Mesa Verde National Park, Colo. More than a hundred years after cowboys first discovered the native American dwellings in the cliffs of Mesa Verde National Park, a wildfire raging through the area is uncovering more sites and giving archaeologists a better understanding of the people who used to live here.
At least a dozen previously unknown sites have been found as the latest wildfire stripped away concealing vegetation. The blaze doubled in size in 24 hours and had charred 17,000 acres by Sunday evening. It was only 10 percent contained.
"It's a bit of a trade off," said Jane Anderson, a National Park Service archaeologists and project manager of Save America's Treasures, a $3 million, two-year federal and private effort to study the cliff dwellings.
"It's exciting to see the new ruins and get that information, but at the same time, fire can destroy these sites," she said. "Sandstone explodes when it's heated."
No major structural damage had been reported Sunday, but the fire had moved to within 3 miles of the ruins known as Cliff Palace, the park's major attraction, and was burning in Morefield Canyon where there are hundreds of known sites.
A dozen archaeologists were accompanying firefighters to help identify new sites and protect them if possible.
The Mesa Verde fire also was threatening a park campground and had spread into a remote area of the nearby Ute Mountain Ute reservation. The national park was closed indefinitely.
A second fire broke out about 25 miles to the northwest outside the park and quickly spread to 600 acres, forcing the evacuation of 15 homes.
"We're running short on resources," said Deb Koening, spokeswoman at an interagency fire dispatch center in Durango. Firefighters were pulled from the Mesa Verde fire to fight the second blaze.
Wildfires also burned in Southern California -- including a 5,000-acre fire in a remote canyon in Death Valley National Park -- and blackened 70,000 acres in eastern Oregon. The Oregon fire was considered "essentially out," officials said Sunday.
Mesa Verde is the nation's largest archaeological preserve with more than 4,000 identified sites, nearly 400 of which were discovered after a 1996 fire.
Park archaeologists have mapped those sites and are studying how they relate to the cliff dwellings and other structures built when the ancestors of Pueblo Indians popularly known as the Anasazi lived in the area between 550 and 1300 A.D.
"As more sites are added, it becomes clearer as to what happened," said Larry Nordby, an archaeologist at the park. "It allows us to get a snapshot at what the landscape looked like and we hope to expand that over the next several years."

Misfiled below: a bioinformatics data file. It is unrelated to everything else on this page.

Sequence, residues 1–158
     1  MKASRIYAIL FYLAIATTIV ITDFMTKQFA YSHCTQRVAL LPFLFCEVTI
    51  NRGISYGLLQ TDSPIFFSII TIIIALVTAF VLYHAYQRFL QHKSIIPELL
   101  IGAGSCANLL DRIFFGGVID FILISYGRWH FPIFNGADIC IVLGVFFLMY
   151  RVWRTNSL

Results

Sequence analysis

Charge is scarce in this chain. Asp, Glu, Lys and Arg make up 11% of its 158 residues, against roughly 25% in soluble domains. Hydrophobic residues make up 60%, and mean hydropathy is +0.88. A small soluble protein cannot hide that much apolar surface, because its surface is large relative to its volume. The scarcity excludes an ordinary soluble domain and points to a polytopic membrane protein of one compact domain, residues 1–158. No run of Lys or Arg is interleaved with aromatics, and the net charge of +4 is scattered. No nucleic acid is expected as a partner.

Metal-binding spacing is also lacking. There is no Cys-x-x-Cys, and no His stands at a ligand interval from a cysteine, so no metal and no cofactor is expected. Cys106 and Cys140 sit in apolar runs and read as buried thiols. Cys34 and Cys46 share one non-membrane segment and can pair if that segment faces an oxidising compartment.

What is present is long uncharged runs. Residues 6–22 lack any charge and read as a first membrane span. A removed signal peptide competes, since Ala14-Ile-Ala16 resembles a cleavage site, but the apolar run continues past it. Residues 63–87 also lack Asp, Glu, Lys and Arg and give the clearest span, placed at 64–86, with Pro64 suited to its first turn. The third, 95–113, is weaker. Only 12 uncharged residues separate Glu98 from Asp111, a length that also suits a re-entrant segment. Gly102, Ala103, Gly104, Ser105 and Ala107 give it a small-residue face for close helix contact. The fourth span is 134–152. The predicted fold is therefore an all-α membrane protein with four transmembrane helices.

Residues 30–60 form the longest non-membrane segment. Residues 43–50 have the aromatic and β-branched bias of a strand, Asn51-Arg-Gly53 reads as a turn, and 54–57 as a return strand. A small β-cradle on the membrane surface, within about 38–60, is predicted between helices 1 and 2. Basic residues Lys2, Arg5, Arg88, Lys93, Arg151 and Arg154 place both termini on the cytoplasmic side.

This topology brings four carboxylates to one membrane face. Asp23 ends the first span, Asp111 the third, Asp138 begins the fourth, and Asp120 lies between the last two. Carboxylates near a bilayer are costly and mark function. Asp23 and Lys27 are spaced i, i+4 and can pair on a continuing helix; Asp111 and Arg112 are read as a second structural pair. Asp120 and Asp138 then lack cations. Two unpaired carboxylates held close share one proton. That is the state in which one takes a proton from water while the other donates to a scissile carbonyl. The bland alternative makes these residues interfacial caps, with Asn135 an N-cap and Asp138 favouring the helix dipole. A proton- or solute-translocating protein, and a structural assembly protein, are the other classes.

All of the 600 cliff dwellings in the park were built within a 100-year period after 1200 A.D., Nordby said.
Twenty-four American Indian tribes, living mainly in New Mexico and Arizona, claim to be descendants of the people who abandoned the area around 1300 A.D.
For years, scientists believed the 150-room Cliff Palace had been home to hundreds of people. But a closer look over the last few years has revealed that it served as "transitional housing" for only about 25 families, Anderson said.
Only about 25 rooms have hearths for cooking and heating while the rest served as storage or ceremonial areas, Nordby said.
Archaeologists aren't sure why, although one theory holds that Cliff Palace was used for craft fairs where people from throughout the area could trade and share ideas in basket weaving, pottery and hunting, Nordby said.
"Part of the reason we didn't know what this site was used for is that it was excavated in the early 1900s," Nordby said. "They didn't look at things as systematically as we're doing. In addition, there is always room for interpretation."
Archaeologists also are not sure why the area was abandoned.
"Mapping rooms and rethinking how those rooms may have been used helps us best determine the daily routines of the ancestral Puebloans and their community structure," Nordby said. "It may also help us further understand some of the mysteries of Mesa Verde."
On the Net:
Mesa Verde National Park: http://www.nps.gov/meve